4.4 A look at disciplinary sanctions and administrative responses for specific groups of public service employees

The review also looked at accountability and sanction mechanisms applicable to members of the executive category, former employees, public office holders, and employees of Crown corporations. The purpose was to assess their appropriateness.

Executive group

As part of the public service senior cadre, members of the Executive group (EX) play a pivotal role in the establishment and maintenance of a culture that both frowns upon mismanagement and seeks to promote sound stewardship of government resources. Because of the leadership role they are expected to play and because they are also among the most mobile of public service employees, their collective attitudes, values, and conduct can greatly influence the entire Public Service. While the accountability of executives lies within the hierarchical structure of their own departments, a number of processes to collectively develop and manage the community are in place, particularly in the EX-04 and EX-05 (assistant deputy minister) ranks.

Some of the basic elements of good governance definitely include establishing clear accountabilities for senior members of the executive cadre as well as the mechanisms to hold them accountable. Certain jurisdictions have addressed some of these points in a very direct way. In some places, this has included specific provision dealing with the discipline of executives or the management of their performance. Some also provide for the discipline of executives by a party outside the executive's department.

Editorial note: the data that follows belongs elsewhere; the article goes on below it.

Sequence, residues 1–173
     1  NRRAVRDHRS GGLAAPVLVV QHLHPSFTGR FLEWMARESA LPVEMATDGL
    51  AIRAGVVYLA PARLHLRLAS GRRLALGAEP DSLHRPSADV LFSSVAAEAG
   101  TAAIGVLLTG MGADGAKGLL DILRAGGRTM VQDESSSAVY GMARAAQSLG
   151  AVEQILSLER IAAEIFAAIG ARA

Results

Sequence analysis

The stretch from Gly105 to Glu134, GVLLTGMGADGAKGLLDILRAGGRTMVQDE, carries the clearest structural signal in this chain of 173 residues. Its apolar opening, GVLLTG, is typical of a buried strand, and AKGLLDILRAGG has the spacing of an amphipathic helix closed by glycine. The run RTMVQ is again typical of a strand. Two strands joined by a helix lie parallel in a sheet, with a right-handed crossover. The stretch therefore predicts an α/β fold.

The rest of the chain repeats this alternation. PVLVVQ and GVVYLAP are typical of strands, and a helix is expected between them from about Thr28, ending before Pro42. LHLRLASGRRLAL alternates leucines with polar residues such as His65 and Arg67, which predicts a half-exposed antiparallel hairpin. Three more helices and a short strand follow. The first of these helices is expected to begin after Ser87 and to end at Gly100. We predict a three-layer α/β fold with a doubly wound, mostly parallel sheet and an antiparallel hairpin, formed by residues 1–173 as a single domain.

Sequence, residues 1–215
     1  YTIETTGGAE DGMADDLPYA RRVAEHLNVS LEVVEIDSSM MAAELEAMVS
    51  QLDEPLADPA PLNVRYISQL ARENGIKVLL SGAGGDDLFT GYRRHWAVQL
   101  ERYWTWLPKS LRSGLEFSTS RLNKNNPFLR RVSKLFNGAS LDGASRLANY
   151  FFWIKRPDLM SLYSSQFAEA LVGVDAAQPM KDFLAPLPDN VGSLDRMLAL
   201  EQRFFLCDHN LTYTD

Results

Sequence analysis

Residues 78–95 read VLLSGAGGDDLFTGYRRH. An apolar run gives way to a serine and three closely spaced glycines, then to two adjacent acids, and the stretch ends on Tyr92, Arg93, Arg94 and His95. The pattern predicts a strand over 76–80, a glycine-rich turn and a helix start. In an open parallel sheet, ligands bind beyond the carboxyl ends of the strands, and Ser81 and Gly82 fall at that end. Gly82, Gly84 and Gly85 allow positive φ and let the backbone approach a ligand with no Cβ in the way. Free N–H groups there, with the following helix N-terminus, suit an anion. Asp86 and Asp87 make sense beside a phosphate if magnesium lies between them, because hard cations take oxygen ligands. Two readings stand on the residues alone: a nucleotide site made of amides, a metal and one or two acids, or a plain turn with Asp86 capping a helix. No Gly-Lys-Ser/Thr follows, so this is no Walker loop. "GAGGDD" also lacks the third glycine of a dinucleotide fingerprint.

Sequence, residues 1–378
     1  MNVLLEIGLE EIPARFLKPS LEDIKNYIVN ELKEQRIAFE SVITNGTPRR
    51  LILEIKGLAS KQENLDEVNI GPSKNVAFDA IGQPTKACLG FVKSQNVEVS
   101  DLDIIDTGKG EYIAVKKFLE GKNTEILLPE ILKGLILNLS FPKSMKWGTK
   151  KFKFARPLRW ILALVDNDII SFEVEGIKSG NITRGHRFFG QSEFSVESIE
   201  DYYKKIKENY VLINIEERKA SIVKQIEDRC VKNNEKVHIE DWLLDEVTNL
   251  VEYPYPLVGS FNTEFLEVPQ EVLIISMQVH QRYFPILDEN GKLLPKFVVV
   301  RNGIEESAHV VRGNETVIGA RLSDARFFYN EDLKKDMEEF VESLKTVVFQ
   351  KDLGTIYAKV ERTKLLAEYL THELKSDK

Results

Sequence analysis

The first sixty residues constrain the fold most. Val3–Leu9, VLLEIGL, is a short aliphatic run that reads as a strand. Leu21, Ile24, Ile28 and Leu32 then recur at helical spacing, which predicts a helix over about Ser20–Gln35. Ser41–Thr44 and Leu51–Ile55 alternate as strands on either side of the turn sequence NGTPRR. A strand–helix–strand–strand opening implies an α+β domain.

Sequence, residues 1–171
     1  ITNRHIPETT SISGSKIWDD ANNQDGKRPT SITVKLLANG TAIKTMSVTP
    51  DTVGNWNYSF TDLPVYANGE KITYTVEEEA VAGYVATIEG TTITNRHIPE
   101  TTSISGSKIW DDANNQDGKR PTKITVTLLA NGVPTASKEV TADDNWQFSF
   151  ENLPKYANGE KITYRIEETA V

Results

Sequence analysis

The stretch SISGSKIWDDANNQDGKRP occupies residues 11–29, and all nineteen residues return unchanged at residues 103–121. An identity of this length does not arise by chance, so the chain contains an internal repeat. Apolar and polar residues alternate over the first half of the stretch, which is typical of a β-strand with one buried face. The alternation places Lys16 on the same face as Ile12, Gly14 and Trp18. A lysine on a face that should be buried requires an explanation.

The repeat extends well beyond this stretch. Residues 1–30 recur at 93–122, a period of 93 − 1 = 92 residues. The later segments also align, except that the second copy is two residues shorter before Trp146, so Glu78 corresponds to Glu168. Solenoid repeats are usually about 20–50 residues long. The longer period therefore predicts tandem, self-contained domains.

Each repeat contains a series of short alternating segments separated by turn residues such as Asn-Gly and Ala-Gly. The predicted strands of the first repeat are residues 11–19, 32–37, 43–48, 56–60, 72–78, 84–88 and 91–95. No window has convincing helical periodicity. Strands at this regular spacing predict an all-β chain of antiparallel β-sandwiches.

In the Canadian public service, discipline of executives is frequently informal in nature, not formal. The concept of progressive discipline arose out of collective bargaining and is normally found in collective agreements. It lacks recognition in the common law context. Under common law, employees pass from warnings to termination for cause. As a result, the progressive discipline approach is not one that is necessarily expected to be applied in the same fashion, if at all, for members of management. In fact, just as the appropriate notice of termination period is calculated differently for executives and unionized employees, so too is the disciplinary approach. Indeed, a review of decisions reveals that conduct for which a unionized employee will be suspended may well constitute cause for termination of an executive.